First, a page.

Of Inditex?s brands, only Zara was back integrated into manufacturing, although it still


outsourced more than 50% of its needs. Less time-sensitive pieces were outsourced while more


fashion-forward or detailed items were produced in-house. All of Zara?s footwear was outsourced to


different factories in Europe and all of its accessories and fragrances were purchased from third


parties.75 Even for its own manufacturing, Zara subcontracted some stages of the process. More


capital intensive production stages such as cutting were done internally while sewing was


subcontracted. Zara?s in-house manufacturing network was comprised of 18 local factories and 400


sub-contracted workshops.76 Where most competitors committed to 40%?60% of their product line six


months before a season started and had locked in 80% of their line at the start of the season, Zara


committed only 15%?25% of its product line six months in advance and had only 50%?60% of its line


set by the start of a season.77 Zara also reserved 85% of its in-house factories? production capacity for


in-season adjustments.


The other seven brands outsourced all of their production.78 In 2011, Inditex operated a network


of 1,398 suppliers; 625 in Asia, 457 in the European Union, 130 in non-EU Europe, 122 in North


Africa, and 64 in South America.79 Products sourced to Asia were estimated to be 20% cheaper to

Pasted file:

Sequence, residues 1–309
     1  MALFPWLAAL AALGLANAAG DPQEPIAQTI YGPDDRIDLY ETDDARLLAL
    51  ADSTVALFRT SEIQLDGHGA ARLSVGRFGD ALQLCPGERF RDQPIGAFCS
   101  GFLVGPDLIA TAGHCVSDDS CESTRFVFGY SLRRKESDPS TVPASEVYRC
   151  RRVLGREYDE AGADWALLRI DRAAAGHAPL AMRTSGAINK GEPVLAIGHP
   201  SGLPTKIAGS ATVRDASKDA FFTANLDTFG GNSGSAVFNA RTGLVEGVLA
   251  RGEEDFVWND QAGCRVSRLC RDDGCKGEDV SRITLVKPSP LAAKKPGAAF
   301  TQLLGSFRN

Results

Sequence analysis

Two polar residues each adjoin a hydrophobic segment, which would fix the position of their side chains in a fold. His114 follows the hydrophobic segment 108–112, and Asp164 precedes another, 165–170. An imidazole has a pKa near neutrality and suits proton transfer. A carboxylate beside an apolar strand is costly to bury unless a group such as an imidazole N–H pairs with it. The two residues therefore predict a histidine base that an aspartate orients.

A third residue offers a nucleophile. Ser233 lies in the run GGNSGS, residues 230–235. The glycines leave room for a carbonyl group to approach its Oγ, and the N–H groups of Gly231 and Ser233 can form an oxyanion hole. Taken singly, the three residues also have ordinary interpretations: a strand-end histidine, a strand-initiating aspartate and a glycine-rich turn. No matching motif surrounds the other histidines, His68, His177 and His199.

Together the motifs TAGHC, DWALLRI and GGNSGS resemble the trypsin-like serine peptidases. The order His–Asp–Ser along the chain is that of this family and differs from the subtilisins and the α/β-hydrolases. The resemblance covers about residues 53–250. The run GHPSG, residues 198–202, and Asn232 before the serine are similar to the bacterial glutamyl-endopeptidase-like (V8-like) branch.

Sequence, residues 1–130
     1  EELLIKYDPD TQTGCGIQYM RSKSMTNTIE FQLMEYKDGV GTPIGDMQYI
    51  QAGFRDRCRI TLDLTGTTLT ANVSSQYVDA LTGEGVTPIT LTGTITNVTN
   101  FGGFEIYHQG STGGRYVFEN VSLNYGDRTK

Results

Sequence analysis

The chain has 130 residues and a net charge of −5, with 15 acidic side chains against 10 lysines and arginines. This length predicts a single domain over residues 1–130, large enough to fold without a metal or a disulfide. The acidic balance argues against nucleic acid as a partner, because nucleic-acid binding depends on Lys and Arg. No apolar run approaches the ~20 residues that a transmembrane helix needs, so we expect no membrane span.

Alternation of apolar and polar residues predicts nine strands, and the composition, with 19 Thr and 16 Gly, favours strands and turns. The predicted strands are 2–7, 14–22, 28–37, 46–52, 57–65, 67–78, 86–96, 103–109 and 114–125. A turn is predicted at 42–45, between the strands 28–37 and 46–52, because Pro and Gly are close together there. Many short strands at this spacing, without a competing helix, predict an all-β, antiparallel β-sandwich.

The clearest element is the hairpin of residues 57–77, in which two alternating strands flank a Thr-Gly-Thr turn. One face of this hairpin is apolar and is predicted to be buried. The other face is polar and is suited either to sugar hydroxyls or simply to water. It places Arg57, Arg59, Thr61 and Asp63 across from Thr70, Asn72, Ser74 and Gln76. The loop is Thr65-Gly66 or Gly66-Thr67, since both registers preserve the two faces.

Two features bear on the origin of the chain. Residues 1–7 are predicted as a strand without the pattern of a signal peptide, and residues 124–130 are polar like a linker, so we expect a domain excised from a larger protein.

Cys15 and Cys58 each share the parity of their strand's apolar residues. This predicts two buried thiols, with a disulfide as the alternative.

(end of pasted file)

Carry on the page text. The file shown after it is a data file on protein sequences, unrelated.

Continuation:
produce than those sourced locally.80 Inditex did not require contractual commitment from its


suppliers, which left the company free to leave suppliers at will if they did not deliver to Inditex?s




In 2011 and 2012, Inditex began promoting and organizing seven major business clusters, in


Portugal, Morocco, Turkey, India, Bangladesh, China, and Brazil, which collectively represented 87%


of Inditex?s production. Inditex described these clusters as ?spaces of co-operation made up of


suppliers, manufactures, trade unions, business associations, and international purchasers with the


common objective of promoting a sustainable productive environment in a strategic geographic area


for the development of the Inditex business model.?82





All the brands followed the same central distribution center model delivering products to stores


twice weekly, but each brand operated its own distribution center. If a store was out of a particular





item, Inditex could...